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Wednesday, June 17, 2015

Sure, the Islamic State has its share of Ex-Ba'athists; but its still a religiously motivated organization at heart.

Links: A. ISIS fighters in Ramadi are ex-Ba'ath Party members.
           B. Ex-Ba'athists helping organize ISIS.

In the past few weeks, I have repeatedly heard a bit of information that is taking on a life of its own.  I have been told by persons I respect and persons whose news sources are dubious at best, that the Islamic State/ISIS, is being controlled and run by ethnic Iraqi former Saddam loyalists and Ba'ath Party members.  Last year I had a long conversation with a good friend who happens to be a retired Iraqi General and a former Ba'ath Party member (his brother and father, now deceased, were both party representatives from Baghdad).  He informed me, almost off-handedly, that some of his former colleagues were involved with ISIS.  He elaborated that these individuals were assisting in the creation and expansion of different departments within the organization, including intelligence and recruitment.  He laughed as he pointed out that like many Iraqis, they were desperate to bring home a paycheck, and at least someone was willing to compensate them for their skills.  So the demographic that is the Islamic State now includes a number of former Ba'ath Party hacks, I thought.  It only strengthened my existing opinion that the Islamic State is determined to develop the characteristics of a conventional military force.  When George Bush (and more importantly Donald Rumsfeld) was considering the best way to defeat Al-Qaeda, the decision was made to force the terrorist organization to fight a conventional war, something it was not designed to do.  Although the insurgency and the Abu Ghraib fiasco dragged things out way longer than should have been necessary, the strategy actually worked, in both Iraq and Afghanistan.  Al-Qaida and the Taliban just did not have the personnel, the equipment, the resources, or the infrastructure to combat the U.S. military.  Interestingly enough, the Islamic State has been successful since it started behaving more as a legitimate armed forces, which requires a plan for resupply and reinforcements, and also must include a transportation and communication network.  When Al-Qaeda works in small units, transportation and communication are much simpler.  But the Islamic State now commands tens of thousands of personnel, and it can be no surprise that former regime elements, Sunni no doubt, have joined the cause, and that ISIS, which had a definite need for that expertise, welcomed them with open arms.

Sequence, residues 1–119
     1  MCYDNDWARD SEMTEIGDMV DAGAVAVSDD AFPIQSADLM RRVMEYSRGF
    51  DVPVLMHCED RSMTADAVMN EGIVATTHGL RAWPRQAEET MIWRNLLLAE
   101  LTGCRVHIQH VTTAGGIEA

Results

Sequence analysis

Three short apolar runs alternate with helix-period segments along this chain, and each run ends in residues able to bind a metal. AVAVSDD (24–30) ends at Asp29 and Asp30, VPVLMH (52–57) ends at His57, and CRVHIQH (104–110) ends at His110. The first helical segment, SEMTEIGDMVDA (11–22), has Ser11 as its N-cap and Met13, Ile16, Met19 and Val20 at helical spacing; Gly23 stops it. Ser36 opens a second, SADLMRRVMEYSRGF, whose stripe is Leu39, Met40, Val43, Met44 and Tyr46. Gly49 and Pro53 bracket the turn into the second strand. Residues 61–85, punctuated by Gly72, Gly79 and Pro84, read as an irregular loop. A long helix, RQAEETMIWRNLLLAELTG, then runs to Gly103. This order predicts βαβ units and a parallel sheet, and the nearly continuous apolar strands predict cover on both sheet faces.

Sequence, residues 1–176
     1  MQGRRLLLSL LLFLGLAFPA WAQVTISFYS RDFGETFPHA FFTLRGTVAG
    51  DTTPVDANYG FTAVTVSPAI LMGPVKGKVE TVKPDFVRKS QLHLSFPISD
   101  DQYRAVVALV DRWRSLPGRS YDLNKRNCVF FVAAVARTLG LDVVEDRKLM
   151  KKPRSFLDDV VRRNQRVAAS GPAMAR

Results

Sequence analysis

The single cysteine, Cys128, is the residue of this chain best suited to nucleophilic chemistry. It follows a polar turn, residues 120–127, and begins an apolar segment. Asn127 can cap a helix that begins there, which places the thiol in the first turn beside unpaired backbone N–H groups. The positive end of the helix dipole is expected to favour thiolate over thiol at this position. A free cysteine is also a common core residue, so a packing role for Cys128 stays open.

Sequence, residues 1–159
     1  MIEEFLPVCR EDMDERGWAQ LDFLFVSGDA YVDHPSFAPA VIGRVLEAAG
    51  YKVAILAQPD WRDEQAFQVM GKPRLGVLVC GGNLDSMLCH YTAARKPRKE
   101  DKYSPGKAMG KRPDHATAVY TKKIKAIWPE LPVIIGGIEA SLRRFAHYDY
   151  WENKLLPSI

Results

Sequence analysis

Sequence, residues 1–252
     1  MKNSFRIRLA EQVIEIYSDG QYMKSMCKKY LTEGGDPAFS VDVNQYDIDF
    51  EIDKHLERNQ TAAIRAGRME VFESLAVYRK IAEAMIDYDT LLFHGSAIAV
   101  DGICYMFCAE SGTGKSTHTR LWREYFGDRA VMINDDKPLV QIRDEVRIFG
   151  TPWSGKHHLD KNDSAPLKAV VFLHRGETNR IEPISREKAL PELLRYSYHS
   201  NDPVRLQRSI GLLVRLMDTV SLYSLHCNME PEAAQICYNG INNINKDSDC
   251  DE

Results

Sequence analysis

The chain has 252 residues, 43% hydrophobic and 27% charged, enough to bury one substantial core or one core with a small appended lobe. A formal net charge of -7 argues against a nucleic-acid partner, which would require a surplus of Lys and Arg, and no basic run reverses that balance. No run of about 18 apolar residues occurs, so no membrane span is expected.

But this development can be easily misunderstood.  In no way does the motivation expressed by the Islamic State dovetail with the Socialist manifesto of the Arab Ba'ath Party that at one time controlled both Iraq and Syria.  Do not read too much into the fact that the intelligence branch of the Islamic State is run in the same manner as the intelligence branch of the Iraqi Army.  Certainly Abu Bakr al-Baghdadi, the leader of the Islamic State, is ethnic Iraqi.  But he was not a supporter of Saddam Hussein.  Because the roots of the ISIS movement can be traced to Abu Musab al-Zarqawi's "Al-Qaeda in Iraq", it should be no surprise that a number of Iraqis are prominent in the organization.  But I am beginning to see this perspective take root that the ghost of Saddam and Ba'ath Party adherents are dictating policy for the Islamic State.  Do not be distracted by this red herring.  Do not forget what the Islamic State represents and exactly what methods it has used to achieve its ends. No doubt Saddam did some heinous things, but is always attempted to cover-up or deny the existence of such government-sanctioned activity.  The Islamic State WANTS you as a first-row witness to its execution of persons because of religious persuasion.  More importantly, don't forget that the Ba'ath Party and Saddam Hussein were interested in political motivation as opposed to religious.  Saddam (and his buddy Bashir al-Assad) were in fear of the Islamic Extremist movement, and directed their security forces to deal with it harshly.  In its inception and at the height of its popularity, the Ba'ath movement was inherently political.  It sought to enfranchise the Arab worker in all nations and create a political movement with Socialist leanings that would sweep the party into power in places like Egypt and Turkey.  The Islamic State exists for the purpose of the establishment of an Islamic Caliphate, a nation ruled by a Caliph (religious leader) with the Quran as the law of the land. 

The former Iraqi Ba'ath Party members who are active in the Islamic State are the ones being co-opted, not vice versa.  And that should have been expected.  When the U.S. arrived in Iraq in 2003 and the Iraqi military has ceased to exist, everyone wanted to become a part of the U.S. military force that now appeared to hold the reigns of power.  In reality, its just a circumstance of survival.  People have families to provide for, and they  will do what is necessary to reach that goal.  What would I do to feed my family?  Just about anything.

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